The home orchard, to give the very finest quality of fruit, must be given careful and thorough cultivation. In the case of scattered trees, where it is not practicable to use a horse, this can be given by working a space four to six feet wide about each tree. Every spring the soil should be loosened up, with the cultivator or fork, as the case may be, and kept stirred during the early part of the summer. Unless the soil is rich, a fertilizer, high in potash and not too high in nitrogen, should be given in the spring. Manure and phosphate rock, as suggested above, is as good as any. In case the foliage is not a deep healthy green, apply a few handfuls of nitrate of soda, working it into the soil just before a rain, around each tree.

About August 1st the cultivation should be discontinued, and some "cover crop" sown. Buckwheat and crimson clover is a good combination; as the former makes a rapid growth it will form, if rolled down just as the apples are ripening, a soft cushion upon which the windfalls may drop without injury, and will furnish enough protection to the crimson clover to carry it through most winters, even in cold climates.

In addition to the filler crops, where the ground is to be cultivated by horse, potatoes may be grown between the rows of trees; or fine hills of melons or squash may be grown around scattered trees, thus, incidentally, saving a great deal of space in the vegetable garden. Or why not grow a few extra fancy strawberries in the well cultivated spots about these trees? Neither they nor the trees want the ground too rich, especially in nitrogen, and conditions suiting the one would be just right for the others.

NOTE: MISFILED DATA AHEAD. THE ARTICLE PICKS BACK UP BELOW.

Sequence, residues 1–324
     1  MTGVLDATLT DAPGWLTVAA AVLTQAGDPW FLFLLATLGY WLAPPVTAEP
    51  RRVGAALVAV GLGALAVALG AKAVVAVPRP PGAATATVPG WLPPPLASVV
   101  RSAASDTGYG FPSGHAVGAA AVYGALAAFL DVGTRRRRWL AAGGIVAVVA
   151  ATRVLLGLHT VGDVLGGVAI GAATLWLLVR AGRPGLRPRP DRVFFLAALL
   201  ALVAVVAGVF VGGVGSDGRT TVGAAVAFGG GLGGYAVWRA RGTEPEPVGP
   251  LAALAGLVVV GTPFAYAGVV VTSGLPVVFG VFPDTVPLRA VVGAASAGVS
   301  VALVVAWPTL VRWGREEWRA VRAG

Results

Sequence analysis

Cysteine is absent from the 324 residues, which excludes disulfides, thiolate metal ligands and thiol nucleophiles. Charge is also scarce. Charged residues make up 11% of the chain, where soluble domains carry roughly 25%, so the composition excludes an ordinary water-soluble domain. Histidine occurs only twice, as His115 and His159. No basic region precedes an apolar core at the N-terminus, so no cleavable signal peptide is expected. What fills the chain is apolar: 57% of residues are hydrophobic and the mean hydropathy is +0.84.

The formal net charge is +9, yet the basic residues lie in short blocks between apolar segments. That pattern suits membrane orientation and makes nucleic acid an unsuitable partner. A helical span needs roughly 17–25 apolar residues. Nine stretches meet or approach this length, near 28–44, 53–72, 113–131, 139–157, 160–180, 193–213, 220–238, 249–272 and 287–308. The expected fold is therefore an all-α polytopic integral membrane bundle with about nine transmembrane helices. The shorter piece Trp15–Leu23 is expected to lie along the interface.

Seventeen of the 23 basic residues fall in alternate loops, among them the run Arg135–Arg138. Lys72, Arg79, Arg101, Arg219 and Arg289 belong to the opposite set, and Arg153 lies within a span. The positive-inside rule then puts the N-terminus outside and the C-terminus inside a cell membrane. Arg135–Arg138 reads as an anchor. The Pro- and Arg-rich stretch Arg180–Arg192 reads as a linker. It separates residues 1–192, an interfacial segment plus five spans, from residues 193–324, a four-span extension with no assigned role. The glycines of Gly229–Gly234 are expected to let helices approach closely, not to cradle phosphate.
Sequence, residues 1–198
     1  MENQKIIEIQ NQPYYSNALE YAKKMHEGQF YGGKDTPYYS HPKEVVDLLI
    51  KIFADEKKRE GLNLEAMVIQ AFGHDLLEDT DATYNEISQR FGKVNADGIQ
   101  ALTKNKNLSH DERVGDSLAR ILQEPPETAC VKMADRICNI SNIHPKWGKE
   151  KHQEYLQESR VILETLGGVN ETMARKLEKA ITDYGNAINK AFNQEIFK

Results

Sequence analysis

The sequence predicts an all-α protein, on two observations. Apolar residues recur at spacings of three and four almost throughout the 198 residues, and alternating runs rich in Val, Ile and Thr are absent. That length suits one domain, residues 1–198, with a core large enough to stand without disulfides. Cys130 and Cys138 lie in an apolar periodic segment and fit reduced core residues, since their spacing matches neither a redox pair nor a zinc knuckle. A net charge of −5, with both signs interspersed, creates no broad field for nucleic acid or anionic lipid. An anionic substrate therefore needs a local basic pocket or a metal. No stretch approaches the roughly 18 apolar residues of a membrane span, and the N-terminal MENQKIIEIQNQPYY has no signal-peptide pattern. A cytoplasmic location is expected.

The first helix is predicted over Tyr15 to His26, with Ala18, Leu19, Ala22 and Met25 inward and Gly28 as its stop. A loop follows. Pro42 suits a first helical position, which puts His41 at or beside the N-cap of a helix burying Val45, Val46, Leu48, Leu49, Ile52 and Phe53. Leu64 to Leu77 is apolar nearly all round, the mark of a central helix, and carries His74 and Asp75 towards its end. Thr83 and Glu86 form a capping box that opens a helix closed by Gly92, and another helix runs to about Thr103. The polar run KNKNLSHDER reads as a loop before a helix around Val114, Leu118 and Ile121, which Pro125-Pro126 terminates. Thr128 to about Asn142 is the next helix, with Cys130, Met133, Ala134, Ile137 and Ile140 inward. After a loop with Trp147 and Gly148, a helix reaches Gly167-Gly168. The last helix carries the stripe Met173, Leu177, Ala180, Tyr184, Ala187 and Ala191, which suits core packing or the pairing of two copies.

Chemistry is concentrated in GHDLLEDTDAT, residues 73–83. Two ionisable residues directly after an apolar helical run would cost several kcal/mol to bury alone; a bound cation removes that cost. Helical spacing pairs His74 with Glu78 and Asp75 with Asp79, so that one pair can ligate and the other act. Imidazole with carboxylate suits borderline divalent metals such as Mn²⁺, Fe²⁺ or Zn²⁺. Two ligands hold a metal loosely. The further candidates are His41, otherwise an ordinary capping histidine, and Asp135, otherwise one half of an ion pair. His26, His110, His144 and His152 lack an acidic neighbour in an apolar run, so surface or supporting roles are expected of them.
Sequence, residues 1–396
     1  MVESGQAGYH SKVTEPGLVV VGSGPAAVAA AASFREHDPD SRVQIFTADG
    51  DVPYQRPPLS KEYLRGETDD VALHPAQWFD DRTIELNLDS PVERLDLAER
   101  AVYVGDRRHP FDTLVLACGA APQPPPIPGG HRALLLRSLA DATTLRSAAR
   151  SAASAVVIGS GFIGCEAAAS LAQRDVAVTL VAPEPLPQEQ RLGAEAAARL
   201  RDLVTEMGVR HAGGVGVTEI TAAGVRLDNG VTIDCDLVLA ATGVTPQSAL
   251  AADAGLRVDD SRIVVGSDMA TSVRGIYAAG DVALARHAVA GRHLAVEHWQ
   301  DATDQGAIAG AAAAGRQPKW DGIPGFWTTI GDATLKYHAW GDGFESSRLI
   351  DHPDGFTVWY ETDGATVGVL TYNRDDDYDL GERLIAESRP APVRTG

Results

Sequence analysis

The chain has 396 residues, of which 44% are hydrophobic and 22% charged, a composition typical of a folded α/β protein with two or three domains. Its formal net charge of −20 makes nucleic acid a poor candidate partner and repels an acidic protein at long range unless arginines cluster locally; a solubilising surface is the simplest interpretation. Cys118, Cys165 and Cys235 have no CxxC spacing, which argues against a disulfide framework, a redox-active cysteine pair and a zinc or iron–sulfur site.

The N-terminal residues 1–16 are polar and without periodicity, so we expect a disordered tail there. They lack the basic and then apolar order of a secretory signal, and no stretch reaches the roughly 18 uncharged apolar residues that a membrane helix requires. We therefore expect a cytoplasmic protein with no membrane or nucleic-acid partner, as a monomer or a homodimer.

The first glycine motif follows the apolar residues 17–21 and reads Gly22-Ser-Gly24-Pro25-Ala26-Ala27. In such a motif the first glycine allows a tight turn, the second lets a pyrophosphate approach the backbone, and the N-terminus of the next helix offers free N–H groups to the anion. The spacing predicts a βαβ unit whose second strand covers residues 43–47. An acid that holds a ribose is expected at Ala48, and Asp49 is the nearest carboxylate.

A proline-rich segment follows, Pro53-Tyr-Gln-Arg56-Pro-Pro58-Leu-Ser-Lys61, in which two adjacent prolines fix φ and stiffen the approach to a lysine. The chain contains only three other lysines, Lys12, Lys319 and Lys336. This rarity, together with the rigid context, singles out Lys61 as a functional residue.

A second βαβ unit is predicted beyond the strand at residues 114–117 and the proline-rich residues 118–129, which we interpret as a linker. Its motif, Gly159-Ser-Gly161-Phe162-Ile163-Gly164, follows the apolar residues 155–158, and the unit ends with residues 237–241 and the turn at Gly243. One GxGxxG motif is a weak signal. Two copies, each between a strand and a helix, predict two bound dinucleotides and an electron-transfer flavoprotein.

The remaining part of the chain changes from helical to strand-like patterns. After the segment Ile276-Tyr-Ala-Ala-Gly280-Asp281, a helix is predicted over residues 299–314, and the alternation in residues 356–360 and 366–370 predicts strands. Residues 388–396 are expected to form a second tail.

It may seem to the beginner that fruit-growing, with all these things to keep in mind, is a difficult task. But it is not. I think I am perfectly safe in saying that the rewards from nothing else he can plant and care for are as certain, and surely none are more satisfactory. If you cannot persuade yourself to try fruit on any larger plan, at least order half a dozen dwarf trees (they will cost about twenty cents apiece, and can be had by mail). They will prove about the best paying investment you ever made.

 




 
Gardening Tips & Information
Fruit Trees
Beans
Peas

Potatoes
Carrots

Cabbage
Lettuce

Plant Heights
Spacing

Lawns



Gardening

You are sure to find practical items ideal for a gardener from this extensive range of products to suit every budget and of the finest quality. We also have a wide range of garden furniture, including tables, chairs, outdoor benches and patio furniture in addition to hammocks, umbrellas, gazebos, porch swings and rockers. which will be gratefully received by the gardening enthusiast. Also see our other garden equipment, plus.


Copyright 2004-2011 all-gardening.com. All rights reserved. No unauthorized copying of any content herein.